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November 13, 2008

NCAA Division I-A / Football Bowl Subdivision, the Pac-10: Attendance map (2007 figures) and Team Profiles.

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The Pac-10 was formed in 1959.   Its roots are in the Pacific Coast Conference,  which began play for football in 1916,  and existed to 1959.   Founding schools in the PCC were California (of Berkeley, CA),  Washington (of Seattle, WA),  Oregon (of Salem, OR),  and Oregon State (of Corvallis, OR).   The following year, 1917,  Washington State (of Pullman, WA) joined.   Stanford (of Palo Alto, CA) joined the next year,  1918.  

In 1922,  the conference expanded to 8 teams with the addition of Southern California [ie, USC] (of Los Angeles, CA),  and Idaho (of Moscow, ID).    Montana (of Missoula, MT) joined in 1924.   The PCC swelled to 10 teams when UCLA (of Los Angeles, CA) joined in 1928.   Montana left the PCC in 1950, to join the Mountain States Conference. 

The dominant schools in PCC football were the four California schools.   UCLA won 12 Conference Titles,  both USC and California won 11 Titles,  and Stanford won 8 Titles.    The 6 other schools won a total of 14 Titles,  the highest being Oregon with 5.   The two Rocky Mountain schools,  Idaho and Montana,  never won a football title. 

The divide between the California schools and the other 6 schools was also evident in another way.  Many university leaders in the California schools considered the Northwest schools academically inferior,  and advocated a split to form a separate California conference,  for schools that held a higher standard of the student athlete.

So it is ironic that the split-up of the Pacific Coast Conference came about after a scandal involving illegal payments  to players on the UCLA and USC teams.   UCLA officials and coaches eventually admitted to widespread payments to players,  and in turn blew the whistle on phony USC programs that paid players.   3 of the 4 California schools  (but not Stanford),   as well as Washington,  were eventually implicated in the pay-for-play scandal,  and the PCC disbanded in 1959.

In July, 1959,  the Athletic Association of Western Universities was formed,  comprising  CaliforniaStanfordUCLAUSC,  and Washington.   This in spite of the fact that many at Stanford had wanted UCLA to be expelled for their part in the pay-for-play/ slush fund scandal.   For its first few years, 1960-’62,  the AAWU was popularly known as the Big Five.   The Northwest schools were initially blocked from joining,  but Washington State was able to join in 1962,  and it became known as the Big Six.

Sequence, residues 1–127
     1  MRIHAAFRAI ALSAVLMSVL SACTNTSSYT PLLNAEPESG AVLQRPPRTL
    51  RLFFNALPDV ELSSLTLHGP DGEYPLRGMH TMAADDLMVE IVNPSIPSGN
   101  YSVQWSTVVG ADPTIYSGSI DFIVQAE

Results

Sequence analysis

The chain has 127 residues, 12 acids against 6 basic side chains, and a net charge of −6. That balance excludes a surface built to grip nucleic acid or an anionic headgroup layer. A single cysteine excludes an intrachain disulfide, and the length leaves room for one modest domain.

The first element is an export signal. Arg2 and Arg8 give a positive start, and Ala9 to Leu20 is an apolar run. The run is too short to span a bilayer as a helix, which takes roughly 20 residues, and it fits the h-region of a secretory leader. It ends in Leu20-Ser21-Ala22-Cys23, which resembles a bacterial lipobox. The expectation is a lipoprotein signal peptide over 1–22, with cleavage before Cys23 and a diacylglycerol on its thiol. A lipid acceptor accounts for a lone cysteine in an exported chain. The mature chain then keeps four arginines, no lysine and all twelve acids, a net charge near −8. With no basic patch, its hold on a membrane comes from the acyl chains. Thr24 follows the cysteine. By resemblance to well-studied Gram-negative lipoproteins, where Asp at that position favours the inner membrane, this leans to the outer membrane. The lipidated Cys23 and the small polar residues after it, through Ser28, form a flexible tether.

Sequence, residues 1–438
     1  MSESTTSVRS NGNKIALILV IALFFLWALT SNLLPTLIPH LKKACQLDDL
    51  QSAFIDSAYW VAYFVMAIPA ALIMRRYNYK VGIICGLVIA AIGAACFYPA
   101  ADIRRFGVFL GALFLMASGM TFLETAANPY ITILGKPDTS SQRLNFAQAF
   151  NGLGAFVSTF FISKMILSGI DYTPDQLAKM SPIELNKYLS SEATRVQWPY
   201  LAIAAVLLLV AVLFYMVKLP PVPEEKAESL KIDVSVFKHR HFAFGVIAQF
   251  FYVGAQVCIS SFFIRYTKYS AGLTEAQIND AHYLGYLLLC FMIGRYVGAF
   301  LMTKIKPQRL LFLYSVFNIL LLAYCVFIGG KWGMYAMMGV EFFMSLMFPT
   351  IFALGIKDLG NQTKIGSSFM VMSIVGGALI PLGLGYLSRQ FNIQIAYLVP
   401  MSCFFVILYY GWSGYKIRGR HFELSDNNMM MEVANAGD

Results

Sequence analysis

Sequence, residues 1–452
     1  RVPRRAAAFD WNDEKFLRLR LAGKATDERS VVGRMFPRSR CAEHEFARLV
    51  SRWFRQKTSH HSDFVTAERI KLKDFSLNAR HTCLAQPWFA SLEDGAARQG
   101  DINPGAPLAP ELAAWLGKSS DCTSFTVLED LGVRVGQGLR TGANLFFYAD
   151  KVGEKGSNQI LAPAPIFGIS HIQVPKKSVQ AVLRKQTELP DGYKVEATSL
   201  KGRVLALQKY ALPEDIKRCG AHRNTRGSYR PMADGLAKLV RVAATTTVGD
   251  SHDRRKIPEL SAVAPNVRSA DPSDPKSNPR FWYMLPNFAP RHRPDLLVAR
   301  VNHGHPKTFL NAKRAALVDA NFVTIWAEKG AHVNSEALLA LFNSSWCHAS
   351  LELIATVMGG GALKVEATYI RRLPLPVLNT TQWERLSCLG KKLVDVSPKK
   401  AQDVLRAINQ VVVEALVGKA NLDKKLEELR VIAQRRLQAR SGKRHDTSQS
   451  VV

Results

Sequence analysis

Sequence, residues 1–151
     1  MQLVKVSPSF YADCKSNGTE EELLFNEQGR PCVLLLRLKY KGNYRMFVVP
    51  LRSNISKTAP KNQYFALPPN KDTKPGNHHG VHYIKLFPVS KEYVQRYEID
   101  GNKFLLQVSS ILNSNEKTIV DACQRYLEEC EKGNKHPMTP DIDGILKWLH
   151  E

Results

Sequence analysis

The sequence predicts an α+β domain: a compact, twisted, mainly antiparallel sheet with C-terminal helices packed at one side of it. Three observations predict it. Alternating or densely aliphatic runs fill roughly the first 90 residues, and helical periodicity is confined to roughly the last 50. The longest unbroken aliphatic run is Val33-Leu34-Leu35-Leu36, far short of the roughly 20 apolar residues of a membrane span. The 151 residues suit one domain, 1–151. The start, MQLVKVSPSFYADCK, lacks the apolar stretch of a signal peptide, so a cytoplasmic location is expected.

Oregon and Oregon State were finally able to join in 1964.  Idaho was never invited,  and stayed independent until joining the Big Sky Conference in 1963.

In 1968, the AAWU changed its name to the Pacific 8 Conference,  aka the Pac-8.

In 1978,  the conference added two schools from the Western Athletic conference:  Arizona State (Tempe, AZ),  and Arizona (Tuscon, AZ),  and changed its name to the Pacific-10 Conference,  aka the Pac-10.

Thanks to the contibutors to the Wikipedia pages on the PCC  {Click here} and the Pac-10  {Click here}.   Thanks to the College Football Data Warehouse  site  {Click here}.   Thanks to the College Football All-Time Database (http://www.nationalchamps.net/NCAA/database/index.htm).   Thanks to the College Football History site…I have set he link to the Oregon Ducks page,  which talks about the origins of their mascot and how Oregon officials were able to secure rights for use of the Donald Duck character (but only on merchandise sold in-state)  {Click here}.

Thanks to Helmet Hut  {Click here}.   Thanks to Chris Creamer’s Sports Logos Page  {Click here}.   Thanks to the Helmet Project site  {Click here}.

Thanks to MG’s Helmets.  This is a site I have just come across,  which has beautiful computer aided illustrsations of football helmets in most every league and conference.   I also like it because the site has a very comprehensive set of old NFL helmets (but alas,  no old college helmets…for that you have to go to the Helmet Project site).   MG’s Helmets is the best site out there for throwback NFL helmets.   {Click here,  for MG’s Helmets.}

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